The Obama Administration’s “Problem from Hell” in Syria
This blog is cross-posted from The Huffington Post.
Samantha Power, the United States Ambassador to the United Nations and longtime foreign policy advisor to President Obama, built her reputation on her 2002 book, “A Problem from Hell: America and the Age of Genocide,” in which she took successive U.S. administrations to task for their inadequate responses to genocides since the Holocaust.
To her credit, Ambassador Power is not hiding from the problem from hell now confronting the U.S. administration in which she holds a senior role. She led a public session of the U.N. Security Council on August 8, focused on the plight of the civilian population of Eastern Aleppo subject to bombardment from the Assad regime and its allies and denial of access to essentials like food and medical supplies. Up to 300,000 civilians have been under siege for months. Hospitals have come under systematic bombardment.
Ambassador Power pointed out to the Security Council that neither side in the Syria conflict will be able to win a swift or decisive victory in the battle for Aleppo, emphasizing that “the longer the fighting drags on, the more civilians will be caught in the middle.”
The Obama administration has few options in Syria. Its motives in calling the public UN session and in helping to spread the shocking testimony of Syrian-American doctors recently returned from treating patients, including many children, in deplorable conditions in hospital basements, seems to be to try to shame Russia into persuading President Assad to ease off on his worst humanitarian excesses.
It feels like a desperate hope. Russia has some influence over its ally, the Assad government, which owes its improving chances of survival to Russian military backing. U.S. support for the opposition has been hesitant. In contrast, the United States has little influence over its supposed allies. Under heavy pressure and starved of support, opposition groups are increasingly reliant on cooperation with extremist Islamist groups viewed as terrorists by the United States and exempt from protection under cessation of hostilities agreements negotiated with the Russians.
It is a painful reality that the Assad government, responsible for the vast majority of mass atrocities and human rights crimes in the war, is in a position to dictate the level of the conflict in Aleppo and other parts of Syria. If the United States wishes to avert an even greater humanitarian crisis in Aleppo and the likely forced displacement of hundreds of thousands more refugees into already-overwhelmed neighboring states— and into a Europe already dealing with political upheaval caused by migration from the Middle East—then the price will be set by Russia.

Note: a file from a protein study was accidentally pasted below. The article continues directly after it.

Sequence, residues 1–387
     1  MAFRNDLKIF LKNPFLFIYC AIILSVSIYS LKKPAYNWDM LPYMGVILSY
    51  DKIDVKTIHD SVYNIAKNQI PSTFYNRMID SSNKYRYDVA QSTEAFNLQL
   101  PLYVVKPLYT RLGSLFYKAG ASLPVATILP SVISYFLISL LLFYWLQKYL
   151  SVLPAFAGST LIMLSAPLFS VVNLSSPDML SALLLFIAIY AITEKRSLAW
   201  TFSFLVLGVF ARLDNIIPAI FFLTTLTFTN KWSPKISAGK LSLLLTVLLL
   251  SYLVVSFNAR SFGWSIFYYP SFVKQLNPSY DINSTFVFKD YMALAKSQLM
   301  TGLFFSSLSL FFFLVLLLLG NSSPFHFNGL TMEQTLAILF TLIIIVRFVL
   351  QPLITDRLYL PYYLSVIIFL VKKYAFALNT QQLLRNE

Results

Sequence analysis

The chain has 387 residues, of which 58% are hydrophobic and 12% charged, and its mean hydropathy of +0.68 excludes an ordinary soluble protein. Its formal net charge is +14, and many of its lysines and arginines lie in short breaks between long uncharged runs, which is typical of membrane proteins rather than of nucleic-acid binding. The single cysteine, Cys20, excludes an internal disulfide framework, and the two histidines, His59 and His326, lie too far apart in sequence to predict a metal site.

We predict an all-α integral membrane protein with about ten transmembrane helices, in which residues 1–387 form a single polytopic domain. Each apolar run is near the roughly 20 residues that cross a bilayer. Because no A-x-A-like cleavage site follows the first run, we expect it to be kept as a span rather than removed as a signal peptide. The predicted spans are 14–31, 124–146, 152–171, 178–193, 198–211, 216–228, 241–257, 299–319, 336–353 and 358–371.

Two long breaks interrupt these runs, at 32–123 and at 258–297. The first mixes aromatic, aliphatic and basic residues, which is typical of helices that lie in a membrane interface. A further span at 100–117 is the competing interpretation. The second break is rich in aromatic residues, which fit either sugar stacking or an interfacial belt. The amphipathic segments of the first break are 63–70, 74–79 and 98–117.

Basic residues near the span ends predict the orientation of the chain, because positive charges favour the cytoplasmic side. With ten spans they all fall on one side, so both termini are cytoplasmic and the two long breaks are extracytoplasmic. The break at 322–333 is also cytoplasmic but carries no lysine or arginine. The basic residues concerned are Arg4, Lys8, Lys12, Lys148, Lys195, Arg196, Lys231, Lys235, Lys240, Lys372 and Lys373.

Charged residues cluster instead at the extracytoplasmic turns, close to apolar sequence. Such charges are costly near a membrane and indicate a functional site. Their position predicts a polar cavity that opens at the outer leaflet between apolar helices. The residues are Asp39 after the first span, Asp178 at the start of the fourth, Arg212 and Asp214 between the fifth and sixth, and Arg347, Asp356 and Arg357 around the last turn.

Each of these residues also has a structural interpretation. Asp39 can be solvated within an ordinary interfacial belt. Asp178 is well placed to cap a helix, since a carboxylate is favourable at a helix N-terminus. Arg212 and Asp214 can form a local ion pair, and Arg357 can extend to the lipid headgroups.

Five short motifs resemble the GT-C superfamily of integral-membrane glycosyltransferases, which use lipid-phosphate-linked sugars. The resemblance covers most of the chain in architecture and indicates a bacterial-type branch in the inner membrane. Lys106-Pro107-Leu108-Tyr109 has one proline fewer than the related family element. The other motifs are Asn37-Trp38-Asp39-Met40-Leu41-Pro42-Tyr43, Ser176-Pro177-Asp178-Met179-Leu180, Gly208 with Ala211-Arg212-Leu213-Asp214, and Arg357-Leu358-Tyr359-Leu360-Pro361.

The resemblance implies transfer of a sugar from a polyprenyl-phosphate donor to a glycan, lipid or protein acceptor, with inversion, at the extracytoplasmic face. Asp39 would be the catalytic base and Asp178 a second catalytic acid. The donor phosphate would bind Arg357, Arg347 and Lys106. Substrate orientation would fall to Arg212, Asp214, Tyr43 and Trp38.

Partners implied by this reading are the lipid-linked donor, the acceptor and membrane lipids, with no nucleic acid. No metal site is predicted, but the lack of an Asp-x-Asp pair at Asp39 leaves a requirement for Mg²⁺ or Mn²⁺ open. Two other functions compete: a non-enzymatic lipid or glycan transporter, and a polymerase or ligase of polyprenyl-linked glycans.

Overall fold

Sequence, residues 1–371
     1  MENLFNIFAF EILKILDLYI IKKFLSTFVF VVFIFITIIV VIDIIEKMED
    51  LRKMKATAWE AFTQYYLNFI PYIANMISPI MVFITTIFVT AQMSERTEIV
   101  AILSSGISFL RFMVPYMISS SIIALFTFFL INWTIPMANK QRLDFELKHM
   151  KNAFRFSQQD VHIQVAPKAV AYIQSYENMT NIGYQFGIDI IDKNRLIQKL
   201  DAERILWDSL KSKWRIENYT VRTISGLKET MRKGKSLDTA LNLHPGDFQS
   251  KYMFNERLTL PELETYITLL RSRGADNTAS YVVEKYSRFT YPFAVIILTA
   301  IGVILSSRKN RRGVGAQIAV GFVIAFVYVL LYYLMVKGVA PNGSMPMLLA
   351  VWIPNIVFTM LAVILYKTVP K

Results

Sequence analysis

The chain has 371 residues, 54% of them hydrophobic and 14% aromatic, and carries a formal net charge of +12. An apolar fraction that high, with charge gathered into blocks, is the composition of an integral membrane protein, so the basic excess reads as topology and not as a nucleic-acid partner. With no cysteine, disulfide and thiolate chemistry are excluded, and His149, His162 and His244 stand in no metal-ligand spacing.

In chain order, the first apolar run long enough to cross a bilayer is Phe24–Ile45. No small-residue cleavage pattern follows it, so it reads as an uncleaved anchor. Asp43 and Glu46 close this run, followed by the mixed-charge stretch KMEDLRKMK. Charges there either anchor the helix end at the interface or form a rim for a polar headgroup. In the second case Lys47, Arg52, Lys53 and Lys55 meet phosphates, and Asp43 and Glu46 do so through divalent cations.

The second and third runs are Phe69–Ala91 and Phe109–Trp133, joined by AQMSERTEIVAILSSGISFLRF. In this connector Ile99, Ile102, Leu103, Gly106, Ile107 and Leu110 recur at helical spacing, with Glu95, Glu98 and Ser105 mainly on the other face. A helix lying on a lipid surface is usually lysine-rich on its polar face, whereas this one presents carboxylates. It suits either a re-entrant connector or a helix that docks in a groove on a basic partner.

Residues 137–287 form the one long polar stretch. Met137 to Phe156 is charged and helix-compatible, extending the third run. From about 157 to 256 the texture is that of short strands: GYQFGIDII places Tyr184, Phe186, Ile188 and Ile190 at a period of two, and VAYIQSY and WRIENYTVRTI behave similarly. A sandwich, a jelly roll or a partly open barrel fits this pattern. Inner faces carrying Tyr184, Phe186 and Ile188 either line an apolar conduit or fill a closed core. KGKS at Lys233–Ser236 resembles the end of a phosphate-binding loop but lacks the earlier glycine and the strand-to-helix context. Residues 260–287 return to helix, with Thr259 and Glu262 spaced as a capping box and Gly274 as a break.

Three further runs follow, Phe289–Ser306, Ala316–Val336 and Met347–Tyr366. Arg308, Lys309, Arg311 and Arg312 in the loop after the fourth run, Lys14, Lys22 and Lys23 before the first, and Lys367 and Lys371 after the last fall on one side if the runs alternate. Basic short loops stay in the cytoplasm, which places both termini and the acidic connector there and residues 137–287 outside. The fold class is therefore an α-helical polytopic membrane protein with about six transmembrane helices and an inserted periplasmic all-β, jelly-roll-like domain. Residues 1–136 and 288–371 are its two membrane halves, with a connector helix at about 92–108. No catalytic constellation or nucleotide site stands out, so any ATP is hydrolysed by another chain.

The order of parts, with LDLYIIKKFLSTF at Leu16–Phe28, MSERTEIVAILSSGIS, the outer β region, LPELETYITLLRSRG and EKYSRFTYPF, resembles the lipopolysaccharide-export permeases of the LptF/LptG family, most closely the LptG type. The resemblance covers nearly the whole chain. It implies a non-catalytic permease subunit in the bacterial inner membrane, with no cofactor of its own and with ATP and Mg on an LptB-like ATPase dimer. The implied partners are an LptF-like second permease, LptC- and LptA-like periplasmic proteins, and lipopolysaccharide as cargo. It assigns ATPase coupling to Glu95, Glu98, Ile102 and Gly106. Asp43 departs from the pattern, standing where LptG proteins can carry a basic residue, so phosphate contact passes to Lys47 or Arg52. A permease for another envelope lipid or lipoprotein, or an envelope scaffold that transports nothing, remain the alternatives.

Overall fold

The price is likely to include U.S. acceptance that President Assad remain in power. Russia would retain a friendly government in Damascus and access to its naval base in Tartus. It would also give President Putin the satisfaction of forcing President Obama to back down from his statement that President Assad should leave office. Perhaps most importantly for Putin, this would be a public reversal for U.S. support for mass popular protests against corrupt, authoritarian rulers.
There is no policy more threatening to Putin’s authoritarian mode of governance than U.S. support for democracy, human rights, and the rule of law. Russian officials lose no opportunity to undermine and cast doubts on these policies. Unfortunately, in what has become a global ideological battle, the U.S. government has too often seemed to back down.
Power wrote of U.S. leaders in 2002: “They believed that genocide was wrong, but they were not prepared to invest the military, financial, diplomatic, or domestic political capital needed to stop it.” Leaving aside the question of whether the situation in Aleppo and more broadly in Syria constitutes a genocide, there is no doubt that the horrific plight of civilians subjected to targeted bombardment, forced starvation. and denial of essential medical supplies is something that senior U.S. leaders, including President Obama, consider profoundly wrong.
Regrettably, it is also true that at no stage of the Syria conflict has the administration been prepared “to invest the military, financial, diplomatic, or domestic political capital needed to stop it.”
Power’s message in 2002 was that as long as U.S. leaders were prepared to be “bystanders to genocide” then genocides would recur.
The problem from hell now unfolding on Ambassador Power’s watch in Aleppo sadly shows that the entrenched habits of the U.S. foreign policy establishment have not changed. She probably understands this better than anyone and it is sobering that she and other leaders who entered public life determined to challenge such indifference have not been able to avert this disaster.
President Putin’s price for a settlement in Syria is too high and the United States should not agree to pay it. The only way it can avoid the devastating defeat for universal values that accepting Putin’s terms in Syria would represent is by finally investing the military, financial, diplomatic, and domestic political capital needed to bring about a better resolution. Is it willing? This question will probably have to be answered by the next administration.